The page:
Surface-conduction Electron-emitter Display
Surface - conduction Electron - emitter Display ( approximately of surface-conduction electron -emitter display, SED ) refers to the field emission display (FED ) Related screen technology of conductive electron emitters.
It was originally developed by Canon and Toshiba SED Inc. in a joint venture, but was sold in 2007 January 29, Toshiba 50 - % stake in SED Inc. for patent disputes with the Nano - Proprietary Inc. Canon.
Because of these patent disputes, the marketing of screens was moved to SED based on Canon mid-2007 for an indefinite period. The end of May, 2010, Canon the development of SED TVs for home use by its own account completely on ice.
The display works much like a CRT. But instead of using a single electron emitter an SED works with one emitter for each subpixel.
An electron emitter has a planar structure and an emitter region composed of an ultra-thin layer of palladium oxide ( PdO ), an electrode layer and a glass substrate. The palladium oxide layer has a few nanometers wide slot. Substituting the electrodes under tension, it shall in this tiny slit to a tunnel effect. This then emits electrons accelerated in the electric field of an externally applied high voltage and are shot on an opposite phosphor coated glass substrate.
Unlike CRTs, the SED technology does not require electron beam deflection. This large displays are also suitable for wall mounting.
It was originally planned to leave the production of 55 -inch displays in SED technology in July 2007, calling on the conventional manufacturing plant in Hiratsuka City.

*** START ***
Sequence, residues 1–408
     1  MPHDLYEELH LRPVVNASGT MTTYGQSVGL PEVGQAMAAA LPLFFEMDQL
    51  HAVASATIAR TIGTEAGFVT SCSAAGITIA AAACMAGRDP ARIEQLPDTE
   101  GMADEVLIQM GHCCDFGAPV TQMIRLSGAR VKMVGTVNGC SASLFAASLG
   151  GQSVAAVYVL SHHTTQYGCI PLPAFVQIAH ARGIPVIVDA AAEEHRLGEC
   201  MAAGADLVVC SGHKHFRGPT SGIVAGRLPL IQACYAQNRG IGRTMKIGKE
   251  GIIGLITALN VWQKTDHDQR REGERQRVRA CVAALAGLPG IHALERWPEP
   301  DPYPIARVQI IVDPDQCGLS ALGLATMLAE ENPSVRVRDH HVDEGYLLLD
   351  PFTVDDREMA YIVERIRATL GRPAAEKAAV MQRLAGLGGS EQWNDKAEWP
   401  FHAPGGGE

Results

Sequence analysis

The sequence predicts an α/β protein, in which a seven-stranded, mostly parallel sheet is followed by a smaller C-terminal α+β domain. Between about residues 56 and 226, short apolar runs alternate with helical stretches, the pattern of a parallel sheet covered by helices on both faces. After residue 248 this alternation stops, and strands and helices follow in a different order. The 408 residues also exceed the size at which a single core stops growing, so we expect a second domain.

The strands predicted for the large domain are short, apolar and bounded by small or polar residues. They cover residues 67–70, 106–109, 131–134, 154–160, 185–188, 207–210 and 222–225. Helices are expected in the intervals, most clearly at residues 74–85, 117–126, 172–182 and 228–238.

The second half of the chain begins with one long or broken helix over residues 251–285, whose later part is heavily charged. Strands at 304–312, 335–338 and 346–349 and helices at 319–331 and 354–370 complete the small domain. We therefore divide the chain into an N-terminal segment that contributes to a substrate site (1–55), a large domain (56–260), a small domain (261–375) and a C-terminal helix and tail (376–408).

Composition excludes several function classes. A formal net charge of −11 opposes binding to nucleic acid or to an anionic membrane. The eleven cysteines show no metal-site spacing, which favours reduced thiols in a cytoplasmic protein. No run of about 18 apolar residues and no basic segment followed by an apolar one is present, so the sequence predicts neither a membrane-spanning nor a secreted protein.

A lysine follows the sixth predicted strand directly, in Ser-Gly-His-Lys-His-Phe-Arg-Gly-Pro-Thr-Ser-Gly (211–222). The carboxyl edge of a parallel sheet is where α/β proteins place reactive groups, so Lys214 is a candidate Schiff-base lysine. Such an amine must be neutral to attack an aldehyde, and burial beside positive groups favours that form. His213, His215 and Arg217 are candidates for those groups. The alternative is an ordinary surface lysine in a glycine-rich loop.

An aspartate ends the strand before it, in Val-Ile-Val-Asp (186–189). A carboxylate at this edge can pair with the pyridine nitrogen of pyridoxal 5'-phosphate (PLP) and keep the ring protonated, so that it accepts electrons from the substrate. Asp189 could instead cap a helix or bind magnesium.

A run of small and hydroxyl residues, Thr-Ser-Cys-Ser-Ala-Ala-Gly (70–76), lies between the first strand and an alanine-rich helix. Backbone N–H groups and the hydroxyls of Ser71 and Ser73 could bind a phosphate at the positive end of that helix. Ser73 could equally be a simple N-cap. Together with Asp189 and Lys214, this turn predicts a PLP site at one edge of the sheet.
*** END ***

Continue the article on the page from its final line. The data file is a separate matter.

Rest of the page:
In 2008, Canon wanted to bring together the new technology with Toshiba in Japan and the United States to the mass market, but this failed due to patent disputes. Meanwhile, Canon has won this battle against Applied Nanotech, so that appropriate products can be sold now. By now also market-ready OLED TV has become another technology has become established, however, which now represents an additional competition for the market launch of the SED technology.
The efficiency of the SE displays should be at about 5 lumens per watt and therefore be significantly higher than the 1 to 2 lumens per watt at plasma screens. Compared with LC display shall consist according to the manufacturer an advantage of 30 percent. This results in a significantly lower power consumption: Comparison of LCD requires an SED only half and against a CRT, only a third of its performance.
The achievable contrast of SED is also higher, around 100,000: 1 resulted primarily from the elimination of a backlight, as is necessary in LC displays. The color black is represented as a true black as plasma screens.
Another advantage over current flat panel displays is the very fast response time ( less than one millisecond ) - similar to the classic CRT monitors. It is also stated by the manufacturers to higher color fidelity and larger viewing angles.
Thus, an SED combines almost exclusively the advantages of both technologies CRT and LCD: Low power consumption, high contrast, fast response time, deep black and flat construction. Disadvantages, which divides the SED with other flat panel displays, are support only a single resolution and the possibility of the emergence of pixel defects and the need to introduce a completely new manufacturing technology. As with all screen technologies in which phosphorus-containing phosphors are used, there is also in SE displays the risk of burn-in static images. Moreover occurs as with all cathode ray screens from X-rays. This does not exist on LCD and plasma screens.